As a region, East Asia and the Pacific has experienced faster growth and poverty reduction than any other region. This has contributed to narrowing of gender gaps in several areas, most notably in education and health. However, important challenges remain to achieve gender equality in the region, and growth and development alone are not sufficient to reach equality in all dimensions and for all women. Gender gaps in economic opportunity and influence in society have proven particularly persistent. Gaps in access to basic education remain in a few countries where overall enrollment rates are also relatively low; in several countries, gaps persist among specific sub-groups–like ethnic minority groups. Maternal mortality remains high in several countries and over a million girls are never born due to strong son preference.
Women still earn less than men for similar work–around 70% to 80%, on average–and female workers are more likely than men to work as unpaid family labor or in the informal sector. Overall, women still own less land and have weaker access to productive inputs. Women continue to have weaker voice and influence than men in the home, in politics, and in civil society. And violence against women remains high. If societies in East Asia and Pacific were to allocate resources on the basis of people’s skills and abilities, rather than by their gender, per worker productivity could increase by as much as 7% to 18%, with important implications for shared growth and poverty reduction.
The EAP region of the World Bank Group recognizes the important role for public action to ensure continued progress towards gender equality and it continues to increase and deepen attention to gender in its portfolio. In fiscal year 2013 alone, 98% of all new lending and grants in the region were allocated to gender-informed operations across the various sectors (up from 65% in FY10).
Gender issues in the EAP Region reflect the diversity of country contexts with significant disparities between middle and low income countries. The Region therefore takes a highly country-specific approach to addressing disparities and catalyzing change. In fiscal year 2013, a total of 12 countries prepared Country Gender Action Plans (C-GAPs) including country level gender monitoring frameworks to track progress.
The regional program is informed by various gender diagnostics, not least the companion to the World Development Report 2012: Toward Gender Equality in East Asia and the Pacific.
IBRD and IDA projects are contributing to achievements in each of these priority areas:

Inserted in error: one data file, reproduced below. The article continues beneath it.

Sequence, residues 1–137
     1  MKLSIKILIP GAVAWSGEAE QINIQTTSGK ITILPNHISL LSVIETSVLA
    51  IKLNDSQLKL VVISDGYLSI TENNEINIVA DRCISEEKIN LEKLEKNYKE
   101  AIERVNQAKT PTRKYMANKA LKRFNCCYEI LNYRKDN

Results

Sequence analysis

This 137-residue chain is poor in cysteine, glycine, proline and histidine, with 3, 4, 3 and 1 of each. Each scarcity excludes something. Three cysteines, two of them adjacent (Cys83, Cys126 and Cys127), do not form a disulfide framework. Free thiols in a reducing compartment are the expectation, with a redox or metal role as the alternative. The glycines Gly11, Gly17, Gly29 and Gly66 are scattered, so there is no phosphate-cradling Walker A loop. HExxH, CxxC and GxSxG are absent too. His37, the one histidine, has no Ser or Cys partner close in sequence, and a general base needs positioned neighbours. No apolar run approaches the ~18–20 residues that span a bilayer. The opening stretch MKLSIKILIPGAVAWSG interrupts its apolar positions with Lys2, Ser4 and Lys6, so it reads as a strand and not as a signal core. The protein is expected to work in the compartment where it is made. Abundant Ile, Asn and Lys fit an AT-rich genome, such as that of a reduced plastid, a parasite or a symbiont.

- In Cambodia, the share of births delivery by trained health personnel increased from 65% in 2009 to 85% in 2013 during the implementation of the Cambodia Second Health Support Program.
- In Lao PDR, the share of women going through labor in the past 12 months that delivered in a health facility increased from 20 % in 2010 to 34% in 2014, in areas served by the Community Nutrition Project.
Access to economic opportunities
- The Community Driven Development Project KALAHI-CIDSS led to a 5.8% increase in women’s labor force participation compared to what would have happened without the project.
- In the Solomon Islands 287,000 work-days were created during 2010-12, and more than 4,500 people–57% women and 50% young people–were trained and employed through the Rapid Employment Project.
- Hundreds of thousands women are being reached through World Bank Group-supported microfinance activities in the region, including in Vietnam, Mongolia, Indonesia, Philippines, Papua New Guinea and in Timor Leste.
- In 2013, 18,389 women gained an income from actively participating in the maintenance of 2,659 km of rural roads across 24 districts under the “Women self-managed road program”, which is coordinated by the Provincial Women’s Union under the Vietnam Third Rural Transport Project.
Voice and participation
- The Poverty Reduction Fund in Lao PDR builds in a mechanism which favors proposals for public services and small scale infrastructure identified by women in poor rural communities. 650,000 poor people in remote areas gained access to basic services between 2003 and 2011 and 91% of the projects reflected women’s priorities.
- Investments in analysis of how to integrate gender in disaster risk management supported policy dialogue and operations across the region. As a result example, when in July 2013, Kwaibaita River Flash Floods struck the Malaita province in the Solomon Islands, thanks to prior training provided to government staff on “Gender and Protection in Emergencies”, women were for the first time included on the assessment team.
Highlights of results from IDA countries:
- Cambodia: Share of births delivered by trained health personnel increased from 65% to 85% between 2009 and 2013.
- Lao PDR: Share of women giving birth in a health facility increased from 20% to 34% between 2010 and 2013 in areas under the Community Nutrition Project.
- Solomon Islands: 2,565 women trained and employed.
- Lao PDR: 650,000 people gained access to basic services through a project that developed priorities chosen by women.
- Vietnam: 18,389 women gained an income from maintenance work of 2,659 km of rural roads.